Birthing women need to feel safe and supported

Birthing women need to feel safe and supported

Recent research has drawn attention once again to the contentious issue of how Australian women give birth, and the trauma that an increasing number experience.

Given that more than 95 per cent of Australian women will give birth in their lifetime, the issue deserves more attention.

As part of a recent study, I listened to the birth stories of many women.

Their experiences differ greatly, but for all the emotional impacts of childbirth run deep.

Even decades later women will weep recalling the conditions under which they birthed their children. This is one of the reasons why reports of the rising rate of birth trauma are very concerning.

Trauma in childbirth is associated with mothers' low self-esteem, disrupted family relationships, and difficulties with mother-child bonding that can impact a child's social, emotional and mental development.

Despite the best efforts of many wonderful midwives and doctors, care systems suffer from a culture of bullying, and an unacceptable use of force (both physical and through lack of respect) against women - something termed "obstetric violence".

For increasing numbers of Australian women, a logical response to traumatising experiences is to seek a gentler environment, choosing homebirth with (and sometimes without), medical support.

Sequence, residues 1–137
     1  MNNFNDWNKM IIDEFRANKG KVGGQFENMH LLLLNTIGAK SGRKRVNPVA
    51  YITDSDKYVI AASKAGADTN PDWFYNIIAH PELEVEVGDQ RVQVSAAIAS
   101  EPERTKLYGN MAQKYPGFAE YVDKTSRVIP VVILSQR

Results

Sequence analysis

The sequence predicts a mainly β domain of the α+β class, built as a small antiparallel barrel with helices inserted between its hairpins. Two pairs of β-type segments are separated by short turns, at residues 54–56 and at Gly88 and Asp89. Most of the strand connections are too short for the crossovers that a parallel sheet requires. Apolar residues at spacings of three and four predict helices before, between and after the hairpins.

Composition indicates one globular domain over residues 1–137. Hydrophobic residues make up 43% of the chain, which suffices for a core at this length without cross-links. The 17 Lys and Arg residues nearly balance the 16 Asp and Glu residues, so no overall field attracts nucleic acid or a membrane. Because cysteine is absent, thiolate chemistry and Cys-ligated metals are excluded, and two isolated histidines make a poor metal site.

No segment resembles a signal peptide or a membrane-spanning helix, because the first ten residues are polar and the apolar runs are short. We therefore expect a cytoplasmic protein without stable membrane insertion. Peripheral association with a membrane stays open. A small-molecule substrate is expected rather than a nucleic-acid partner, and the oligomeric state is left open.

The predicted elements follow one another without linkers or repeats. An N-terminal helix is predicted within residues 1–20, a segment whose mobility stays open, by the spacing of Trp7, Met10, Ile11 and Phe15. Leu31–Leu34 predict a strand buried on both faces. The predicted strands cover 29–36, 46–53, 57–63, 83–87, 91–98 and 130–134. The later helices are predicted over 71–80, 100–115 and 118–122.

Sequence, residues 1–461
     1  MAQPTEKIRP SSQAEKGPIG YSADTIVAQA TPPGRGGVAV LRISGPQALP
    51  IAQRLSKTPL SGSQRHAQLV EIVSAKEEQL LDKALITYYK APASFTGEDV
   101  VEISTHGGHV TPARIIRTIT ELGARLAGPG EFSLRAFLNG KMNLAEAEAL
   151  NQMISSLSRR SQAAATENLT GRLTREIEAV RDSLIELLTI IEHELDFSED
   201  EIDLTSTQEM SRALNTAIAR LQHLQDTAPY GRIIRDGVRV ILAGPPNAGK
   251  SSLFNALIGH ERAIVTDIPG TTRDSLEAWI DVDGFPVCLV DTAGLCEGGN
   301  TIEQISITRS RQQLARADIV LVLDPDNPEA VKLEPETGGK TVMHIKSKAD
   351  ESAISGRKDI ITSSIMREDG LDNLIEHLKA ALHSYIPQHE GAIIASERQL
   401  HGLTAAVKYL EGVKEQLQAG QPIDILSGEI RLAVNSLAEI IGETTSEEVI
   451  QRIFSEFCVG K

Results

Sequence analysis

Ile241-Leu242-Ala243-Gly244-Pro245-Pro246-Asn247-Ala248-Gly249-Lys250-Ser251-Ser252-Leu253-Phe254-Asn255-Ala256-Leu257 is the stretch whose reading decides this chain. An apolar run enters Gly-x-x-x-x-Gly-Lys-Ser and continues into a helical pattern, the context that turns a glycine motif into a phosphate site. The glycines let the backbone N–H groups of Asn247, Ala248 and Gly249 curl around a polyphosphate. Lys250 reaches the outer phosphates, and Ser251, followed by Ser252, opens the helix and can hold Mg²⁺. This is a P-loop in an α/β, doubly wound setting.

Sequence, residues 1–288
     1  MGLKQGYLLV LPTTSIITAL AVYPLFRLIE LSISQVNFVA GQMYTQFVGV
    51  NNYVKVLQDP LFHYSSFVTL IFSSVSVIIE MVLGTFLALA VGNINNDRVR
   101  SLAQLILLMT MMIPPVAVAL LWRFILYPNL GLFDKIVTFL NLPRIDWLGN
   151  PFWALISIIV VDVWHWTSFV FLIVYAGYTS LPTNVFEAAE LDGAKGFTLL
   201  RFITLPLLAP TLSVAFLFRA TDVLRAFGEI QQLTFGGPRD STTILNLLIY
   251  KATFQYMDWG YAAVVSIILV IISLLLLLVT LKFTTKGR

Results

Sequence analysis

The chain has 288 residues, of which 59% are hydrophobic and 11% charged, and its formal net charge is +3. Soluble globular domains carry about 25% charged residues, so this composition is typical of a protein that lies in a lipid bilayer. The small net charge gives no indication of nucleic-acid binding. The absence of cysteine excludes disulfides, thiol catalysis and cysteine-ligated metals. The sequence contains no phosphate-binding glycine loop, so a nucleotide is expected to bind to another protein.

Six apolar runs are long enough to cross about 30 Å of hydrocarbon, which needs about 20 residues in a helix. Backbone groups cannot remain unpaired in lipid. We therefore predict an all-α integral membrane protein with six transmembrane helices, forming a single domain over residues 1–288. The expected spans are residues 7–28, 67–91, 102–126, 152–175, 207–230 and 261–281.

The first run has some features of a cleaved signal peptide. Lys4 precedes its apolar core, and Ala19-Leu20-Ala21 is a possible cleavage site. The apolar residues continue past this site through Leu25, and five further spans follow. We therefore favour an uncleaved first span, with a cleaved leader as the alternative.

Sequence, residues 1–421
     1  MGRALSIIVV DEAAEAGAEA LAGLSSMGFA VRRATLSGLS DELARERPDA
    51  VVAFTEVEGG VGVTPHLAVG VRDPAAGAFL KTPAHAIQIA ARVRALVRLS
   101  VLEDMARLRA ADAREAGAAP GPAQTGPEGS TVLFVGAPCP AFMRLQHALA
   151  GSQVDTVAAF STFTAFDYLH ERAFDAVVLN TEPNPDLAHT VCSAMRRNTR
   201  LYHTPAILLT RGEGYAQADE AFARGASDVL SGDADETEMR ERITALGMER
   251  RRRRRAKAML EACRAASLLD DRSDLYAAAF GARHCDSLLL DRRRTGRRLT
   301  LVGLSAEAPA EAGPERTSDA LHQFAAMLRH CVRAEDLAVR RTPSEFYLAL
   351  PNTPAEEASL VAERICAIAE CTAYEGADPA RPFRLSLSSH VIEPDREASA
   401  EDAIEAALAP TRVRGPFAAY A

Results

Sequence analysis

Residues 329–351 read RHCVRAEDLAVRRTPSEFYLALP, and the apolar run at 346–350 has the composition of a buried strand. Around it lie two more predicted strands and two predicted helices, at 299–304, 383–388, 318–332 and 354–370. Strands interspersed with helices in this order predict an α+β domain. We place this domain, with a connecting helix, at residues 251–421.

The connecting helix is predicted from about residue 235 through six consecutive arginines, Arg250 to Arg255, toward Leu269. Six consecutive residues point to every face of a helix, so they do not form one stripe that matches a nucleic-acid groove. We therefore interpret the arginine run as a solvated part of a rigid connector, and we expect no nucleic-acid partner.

Giving birth is very hard work, physically and mentally. And it is very important that women are well supported. Access to quality medical facilities is just part of the picture. Women need a team of carers around them who work well together, and who they trust. They need to feel that they are being treated with respect, and to feel safe.

In other words, they need a birthing environment that helps them feel loved and supported.

It is not popular to talk about loving care, but I believe it's crucial to find a way to place women's experiences at the centre of maternity care. Love is not always the dominant emotion in the birth space, but it could be and should be.

After all, the hormone of love, oxytocin, is not only a crucial ingredient in the natural process of childbirth and labour - it is also the chemical imprint of feelings of safety, trust, empathy and connection.

If life begins in birth, so too do our human relationships. Seeking to begin these in love ought to be simple common sense.

Dr Katharine McKinnon is researcher at La Trobe University, and author of Birthing Work: The Collective Labour of Childbirth, which will be published this month.